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Publication numberUS4666577 A
Publication typeGrant
Application numberUS 06/826,991
Publication dateMay 19, 1987
Filing dateFeb 7, 1986
Priority dateFeb 7, 1985
Fee statusLapsed
Also published asDE3603920A1, DE3603920C2
Publication number06826991, 826991, US 4666577 A, US 4666577A, US-A-4666577, US4666577 A, US4666577A
InventorsHidehiko Yamamoto, Nobutaka Kaneko
Original AssigneeOlympus Optical Co., Ltd.
Export CitationBiBTeX, EndNote, RefMan
External Links: USPTO, USPTO Assignment, Espacenet
Method of recording electrophoretic image pattern
US 4666577 A
Abstract
In a method of printing on a test report a pattern of fraction images of various kinds of proteins contained in a serum sample, an electrophoretic signal obtained by photoelectrically scanning a substrate bearing electrophoretic images is sampled to derive a number of digital samples, a reference digital sample having a maximum amplitude and denoting a peak point of albumin component is detected, a predetermined number of digital samples are extracted on the basis of the reference digital sample having the maximum amplitude, an electrophoretic image pattern is printed on a test report by using the extracted digital samples such that the reference digital sample is recorded at a predetermined point on the test report.
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Claims(22)
What is claimed is:
1. A method of recording an electrophoretic image pattern of components contained in a sample by printing or displaying the pattern on a test report or a monitor screen comprising the steps of:
(a) processing an electrophoretic image signal obtained by photoelectrically scanning electrophoretic images formed on a substrate to detect a predetermined reference point in the electrophoretic images;
(b) extracting a given portion of the electrophoretic image signal on the basis of the detected reference point; and
(c) recording an electrophoretic image pattern in accordance with the extracted portion of the electrophoretic image signal.
2. A method according to claim 1, wherein said step (a) comprises
(a-1) sampling the electrophoretic signal with a sampling period to derive a number of samples,
(a-2) detecting the maximum amplitude of all the samples, and
(a-3) determining a position of a reference sample in relation to said maximum amplitude as said reference point in the electrophoretic images; said step (b) comprises
(b-1) extracting a predetermined number of samples in accordance with said reference sample; and said step (c) comprises
(c-1) recording the electrophoretic image pattern by using the predetermined number of samples thus extracted.
3. A method according to claim 2, wherein said steps (a-3) of determining the position of the reference sample comprises
comparing all the samples with a predetermined fraction of the maximum amplitude to detect a plurality of peaks; and
determining a sample showing a predetermined peak as the reference sample.
4. A method according to claim 3, wherein said predetermined fraction of the maximum value is so determined that it exceeds a peak value of a pre-albumin.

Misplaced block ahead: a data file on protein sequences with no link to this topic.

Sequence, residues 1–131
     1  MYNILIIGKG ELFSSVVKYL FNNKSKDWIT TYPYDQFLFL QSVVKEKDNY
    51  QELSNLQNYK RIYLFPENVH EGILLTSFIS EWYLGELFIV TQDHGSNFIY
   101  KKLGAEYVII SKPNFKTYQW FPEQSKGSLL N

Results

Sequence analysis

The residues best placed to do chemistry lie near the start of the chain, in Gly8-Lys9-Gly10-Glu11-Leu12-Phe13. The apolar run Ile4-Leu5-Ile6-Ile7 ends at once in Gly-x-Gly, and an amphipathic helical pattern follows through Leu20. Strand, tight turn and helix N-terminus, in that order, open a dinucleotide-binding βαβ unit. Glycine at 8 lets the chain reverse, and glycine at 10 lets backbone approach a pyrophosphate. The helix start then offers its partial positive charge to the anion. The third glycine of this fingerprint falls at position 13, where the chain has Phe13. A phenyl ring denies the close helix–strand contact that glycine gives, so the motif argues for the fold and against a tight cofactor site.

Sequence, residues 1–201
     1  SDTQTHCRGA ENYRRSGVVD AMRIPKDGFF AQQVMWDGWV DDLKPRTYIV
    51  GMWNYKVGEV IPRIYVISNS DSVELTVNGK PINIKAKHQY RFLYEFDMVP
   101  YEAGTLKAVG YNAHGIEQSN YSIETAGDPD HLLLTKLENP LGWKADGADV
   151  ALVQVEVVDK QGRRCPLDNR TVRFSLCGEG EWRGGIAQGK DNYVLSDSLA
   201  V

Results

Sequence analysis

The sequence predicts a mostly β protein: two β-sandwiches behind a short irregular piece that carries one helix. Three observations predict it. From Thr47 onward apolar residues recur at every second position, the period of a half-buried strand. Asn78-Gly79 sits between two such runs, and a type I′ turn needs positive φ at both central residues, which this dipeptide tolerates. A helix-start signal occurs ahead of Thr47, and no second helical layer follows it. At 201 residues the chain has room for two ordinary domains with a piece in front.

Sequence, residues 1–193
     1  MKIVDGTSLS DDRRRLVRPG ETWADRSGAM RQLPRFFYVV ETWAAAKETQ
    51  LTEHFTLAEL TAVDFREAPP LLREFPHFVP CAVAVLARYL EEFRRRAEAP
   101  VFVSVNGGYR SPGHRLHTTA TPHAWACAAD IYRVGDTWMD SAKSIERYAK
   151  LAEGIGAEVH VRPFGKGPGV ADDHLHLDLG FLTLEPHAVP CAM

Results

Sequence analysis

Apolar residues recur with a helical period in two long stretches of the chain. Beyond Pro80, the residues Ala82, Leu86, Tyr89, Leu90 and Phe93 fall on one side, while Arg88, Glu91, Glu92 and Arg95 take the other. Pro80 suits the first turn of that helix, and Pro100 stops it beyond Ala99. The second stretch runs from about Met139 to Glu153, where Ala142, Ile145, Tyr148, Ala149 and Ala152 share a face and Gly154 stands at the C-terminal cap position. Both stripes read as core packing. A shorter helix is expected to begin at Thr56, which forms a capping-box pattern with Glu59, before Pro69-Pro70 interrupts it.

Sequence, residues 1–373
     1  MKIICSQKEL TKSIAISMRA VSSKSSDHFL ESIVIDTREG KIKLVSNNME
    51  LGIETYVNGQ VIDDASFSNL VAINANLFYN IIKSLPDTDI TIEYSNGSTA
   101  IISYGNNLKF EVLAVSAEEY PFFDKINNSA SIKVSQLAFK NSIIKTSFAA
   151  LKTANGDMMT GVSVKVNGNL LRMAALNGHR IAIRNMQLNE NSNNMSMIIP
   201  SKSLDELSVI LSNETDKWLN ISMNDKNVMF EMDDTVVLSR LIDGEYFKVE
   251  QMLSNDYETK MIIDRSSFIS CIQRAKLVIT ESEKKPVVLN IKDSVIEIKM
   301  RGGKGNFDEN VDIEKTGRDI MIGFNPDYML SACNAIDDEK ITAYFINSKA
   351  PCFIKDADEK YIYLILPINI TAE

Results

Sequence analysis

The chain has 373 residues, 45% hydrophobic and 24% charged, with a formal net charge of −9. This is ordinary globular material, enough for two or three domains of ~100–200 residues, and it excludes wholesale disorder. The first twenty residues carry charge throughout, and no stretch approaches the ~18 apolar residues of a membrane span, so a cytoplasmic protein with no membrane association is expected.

5. A method according to claim 2, wherein said sampling period is fixed to a predetermined period.
6. A method according to claim 5, wherein said sampling period is determined in accordance with an electrophoretic time.
7. A method according to claim 2, wherein said sampling period is made variable in accordance with an electrophoretic time period.
8. A method according to claim 7, wherein the electrophoretic signal is sampled with a first fixed sampling period to derive a first set of samples, the first set of samples are compared with a threshold level to detect an electrophoretic expansion length (L), the electrophoretic signal is sampled again with a second sampling period which is determined in accordance with the electrophoretic expansion length, to derive a second set of samples.
9. A method according to claim 8, wherein said second sampling period (R) is determined in accordance with an equation,
R=L/(ms)
wherein m is the number of samples within the electrophoretic expansion length and s is a speed of photoelectrically scanning the electrophoretic images formed on the substrate.
10. A method according to claim 1, further comprising the steps of:
(d) calculating analyzed amounts of the components contained in the sample;
(e) comparing the analyzed amounts with normal ranges of the components; and
(f) printing an abnormal mark on the test report in the vicinity of the electrophoretic image pattern, when an analyzed amount of a component is out of a normal range of the relevant component.
11. A method according to claim 10, wherein said calcuating step (d) comprises fthe step of:
(d-1) determining fraction points of fraction images of the electrophoretic image pattern, and
(d-2) calculating fraction percentages of the fraction images as the analyzed amounts.
12. A method according to claim 11, further comprising the step of
(d-3) calculating fraction concentration values (g/dl) from the fraction percentages and an amount of total protein (T.P) which is measured separately.
13. A method according to claim 10, wherein an analyzed amount is compared with maximum and minimum values denoting a normal range, and said abnormal mark has such a shape that the abnormal mark indicates whether the analyzed amount is higher than the maximum value or lower than the minimum value.